Excel at Strategic Change
It’s more important than ever to be agile enough to respond to new trends, to change with speed, and to reinvent yourself or your organization.
How do you build a company that is capable of making these changes?
How do you make change stick?
What should leaders do to make strategy actionable?
“Strategy is about making choices; it’s about deliberately choosing to be different.” -Michael Porter
Ellen R. Auster and Lisa Hillenbrand are the authors of STRAGILITY: Excelling at Strategic Changes. Ellen Auster is Professor of Strategic Management at York University. Lisa Hillenbrand is the founder of Lisa Hillenbrand & Associates. Their new book provides an actionable guide to helping strategy turn into successful execution. The authors have joined forces and have a new consulting firm called Stragility Change Management.
I recently asked them about their research and work in helping leaders excel at strategic change.
“In a period of rapid structural change, the only ones who survive are the Change Leaders.” -Peter Drucker
Master the 4 Stragility Skills
What is stragility?
Stragility is our word for Strategic, Agile, People Powered Change. It is the skills we all need to successfully lead organizational change. Tragically, 70% of changes fail — leaving companies and careers in ruin. Stragility skills can help all of us beat these odds. Whether you are a CEO, a midlevel manager, or front line supervisor, our book will help you lead successful change.
There are four critical Stragility Skills: sense and shift strategy, embrace the politics to build support for the change, inspire and engage the organization, and build change fitness to counter the change fatigue that is epidemic in our organizations today.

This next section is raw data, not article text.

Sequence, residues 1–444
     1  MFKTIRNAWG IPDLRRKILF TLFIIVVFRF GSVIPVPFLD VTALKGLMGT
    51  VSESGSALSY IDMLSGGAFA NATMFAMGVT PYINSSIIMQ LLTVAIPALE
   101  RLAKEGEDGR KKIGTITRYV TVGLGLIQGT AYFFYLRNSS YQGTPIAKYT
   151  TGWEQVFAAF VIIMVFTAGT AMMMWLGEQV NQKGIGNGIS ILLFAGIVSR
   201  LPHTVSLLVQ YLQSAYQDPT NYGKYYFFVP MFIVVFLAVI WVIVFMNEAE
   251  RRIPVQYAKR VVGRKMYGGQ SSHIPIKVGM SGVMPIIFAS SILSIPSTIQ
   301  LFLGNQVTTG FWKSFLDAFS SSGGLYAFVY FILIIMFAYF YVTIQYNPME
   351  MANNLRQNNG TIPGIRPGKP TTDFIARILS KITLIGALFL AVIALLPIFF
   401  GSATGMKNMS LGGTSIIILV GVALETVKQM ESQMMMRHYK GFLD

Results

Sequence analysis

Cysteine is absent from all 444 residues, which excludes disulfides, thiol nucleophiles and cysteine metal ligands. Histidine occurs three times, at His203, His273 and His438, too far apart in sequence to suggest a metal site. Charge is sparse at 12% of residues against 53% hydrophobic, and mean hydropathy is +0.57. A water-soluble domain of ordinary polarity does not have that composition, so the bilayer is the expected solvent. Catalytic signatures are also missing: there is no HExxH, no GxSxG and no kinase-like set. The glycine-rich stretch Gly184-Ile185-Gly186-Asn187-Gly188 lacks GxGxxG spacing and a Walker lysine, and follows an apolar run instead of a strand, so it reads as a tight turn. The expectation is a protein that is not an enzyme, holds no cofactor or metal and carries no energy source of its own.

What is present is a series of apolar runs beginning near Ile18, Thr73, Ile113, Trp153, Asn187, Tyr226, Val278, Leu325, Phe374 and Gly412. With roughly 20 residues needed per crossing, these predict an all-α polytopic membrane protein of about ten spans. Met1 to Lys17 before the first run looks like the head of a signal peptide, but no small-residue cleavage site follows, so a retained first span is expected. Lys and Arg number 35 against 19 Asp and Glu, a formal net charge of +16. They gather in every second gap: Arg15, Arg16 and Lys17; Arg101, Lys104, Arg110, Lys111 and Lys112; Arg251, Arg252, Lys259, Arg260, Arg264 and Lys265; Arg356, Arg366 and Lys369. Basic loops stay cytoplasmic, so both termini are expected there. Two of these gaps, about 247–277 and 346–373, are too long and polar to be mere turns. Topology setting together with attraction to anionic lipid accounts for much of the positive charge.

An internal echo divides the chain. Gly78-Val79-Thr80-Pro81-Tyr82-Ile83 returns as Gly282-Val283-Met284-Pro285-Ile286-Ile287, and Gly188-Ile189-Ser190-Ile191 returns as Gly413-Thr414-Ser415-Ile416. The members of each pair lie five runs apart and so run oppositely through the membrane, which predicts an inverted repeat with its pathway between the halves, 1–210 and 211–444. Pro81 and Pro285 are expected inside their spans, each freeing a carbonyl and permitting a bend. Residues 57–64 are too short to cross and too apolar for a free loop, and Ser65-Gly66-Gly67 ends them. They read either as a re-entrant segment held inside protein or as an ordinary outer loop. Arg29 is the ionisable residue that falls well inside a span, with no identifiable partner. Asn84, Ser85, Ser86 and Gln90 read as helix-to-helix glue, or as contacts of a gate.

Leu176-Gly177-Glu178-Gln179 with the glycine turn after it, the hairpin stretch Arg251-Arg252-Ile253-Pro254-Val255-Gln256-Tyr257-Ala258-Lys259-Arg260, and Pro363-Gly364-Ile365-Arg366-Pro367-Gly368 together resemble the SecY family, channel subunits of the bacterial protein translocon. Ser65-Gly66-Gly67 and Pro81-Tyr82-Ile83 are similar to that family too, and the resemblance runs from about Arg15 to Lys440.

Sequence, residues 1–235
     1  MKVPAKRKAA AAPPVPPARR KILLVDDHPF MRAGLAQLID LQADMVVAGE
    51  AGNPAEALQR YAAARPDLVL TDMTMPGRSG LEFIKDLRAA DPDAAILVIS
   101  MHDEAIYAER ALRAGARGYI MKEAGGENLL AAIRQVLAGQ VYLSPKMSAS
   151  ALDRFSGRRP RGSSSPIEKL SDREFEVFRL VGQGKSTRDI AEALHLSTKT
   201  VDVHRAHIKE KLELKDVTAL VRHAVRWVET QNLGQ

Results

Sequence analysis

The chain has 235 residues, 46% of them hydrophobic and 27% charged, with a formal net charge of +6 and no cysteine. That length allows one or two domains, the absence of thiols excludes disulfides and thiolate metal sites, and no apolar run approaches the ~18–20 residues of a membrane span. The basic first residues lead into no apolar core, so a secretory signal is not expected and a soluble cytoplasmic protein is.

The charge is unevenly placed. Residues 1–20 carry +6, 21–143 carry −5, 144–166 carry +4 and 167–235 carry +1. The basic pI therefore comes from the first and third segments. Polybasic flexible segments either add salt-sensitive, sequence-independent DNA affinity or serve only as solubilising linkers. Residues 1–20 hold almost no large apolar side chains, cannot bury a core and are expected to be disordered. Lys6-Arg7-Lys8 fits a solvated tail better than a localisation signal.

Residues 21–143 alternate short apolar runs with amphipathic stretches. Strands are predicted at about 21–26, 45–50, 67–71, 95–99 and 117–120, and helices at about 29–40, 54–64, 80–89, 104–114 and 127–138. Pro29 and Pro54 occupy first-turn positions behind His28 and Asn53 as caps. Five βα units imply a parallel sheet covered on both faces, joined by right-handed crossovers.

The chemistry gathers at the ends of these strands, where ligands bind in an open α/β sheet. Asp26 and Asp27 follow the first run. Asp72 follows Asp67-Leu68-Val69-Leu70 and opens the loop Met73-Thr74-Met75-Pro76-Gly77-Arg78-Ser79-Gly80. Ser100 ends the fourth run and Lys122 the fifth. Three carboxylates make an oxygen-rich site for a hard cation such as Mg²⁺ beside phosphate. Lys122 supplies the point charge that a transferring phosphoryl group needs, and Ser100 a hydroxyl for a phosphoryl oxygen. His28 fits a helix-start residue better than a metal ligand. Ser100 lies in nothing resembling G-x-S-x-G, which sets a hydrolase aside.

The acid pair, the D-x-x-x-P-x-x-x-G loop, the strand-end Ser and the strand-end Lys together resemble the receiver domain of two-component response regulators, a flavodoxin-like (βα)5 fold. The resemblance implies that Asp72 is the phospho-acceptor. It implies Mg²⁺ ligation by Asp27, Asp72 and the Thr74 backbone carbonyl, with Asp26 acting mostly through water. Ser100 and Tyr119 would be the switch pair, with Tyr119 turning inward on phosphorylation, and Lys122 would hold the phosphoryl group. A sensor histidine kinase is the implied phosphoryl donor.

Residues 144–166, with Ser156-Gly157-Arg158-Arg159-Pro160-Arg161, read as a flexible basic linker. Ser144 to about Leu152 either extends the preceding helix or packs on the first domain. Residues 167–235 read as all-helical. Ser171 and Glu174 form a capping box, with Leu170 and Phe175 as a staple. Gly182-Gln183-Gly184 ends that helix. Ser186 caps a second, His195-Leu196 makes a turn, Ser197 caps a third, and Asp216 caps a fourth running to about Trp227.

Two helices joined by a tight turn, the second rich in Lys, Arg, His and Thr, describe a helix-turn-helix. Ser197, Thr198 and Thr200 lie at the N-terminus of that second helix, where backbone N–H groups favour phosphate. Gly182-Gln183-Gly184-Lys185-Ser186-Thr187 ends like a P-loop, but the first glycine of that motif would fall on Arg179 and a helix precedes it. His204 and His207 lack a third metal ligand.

Skills to Excel at Strategic Changes
The title of Chapter 2 is intriguing “From Lock and Load to Sense and Shift.” Would you explain a little more about this shift in thinking?
Faced with relentless pressures, locking and loading on strategy is tempting but not a good idea. The world is always changing, and we need to stay ahead of the pack to succeed, or we’ll get blindsided. So sensing and shifting is about checking macro forces, keeping an eye on competitors’ moves, and watching those on the periphery on a regular basis. That way we can avoid, for example, what happened to Blackberry – once so dominant in cell phones, but so focused on competing incrementally that they totally missed the disruptive game-changing iPhone.
“Unless people are convinced about what you are asking them to do, they are not going to make it happen.” -Ravi Kant
Doing regular internal check-ins to see what’s working well that can be amplified or re-applied and to identify what’s not working well that needs to be addressed is also key to continuing to evolve and staying out in front.
For example, Macy’s CEO Terry Lundgren has successfully steered Macy’s through a decade of growth by sensing and shifting strategies to delight customers. They’ve tailored offerings in each store, focused on developing employees’ selling skills, and become increasingly good at embracing new channels – like mobile and digital sales. We advocate that all organizations, big and small, sense and shift strategies to better serve customers and deliver their missions.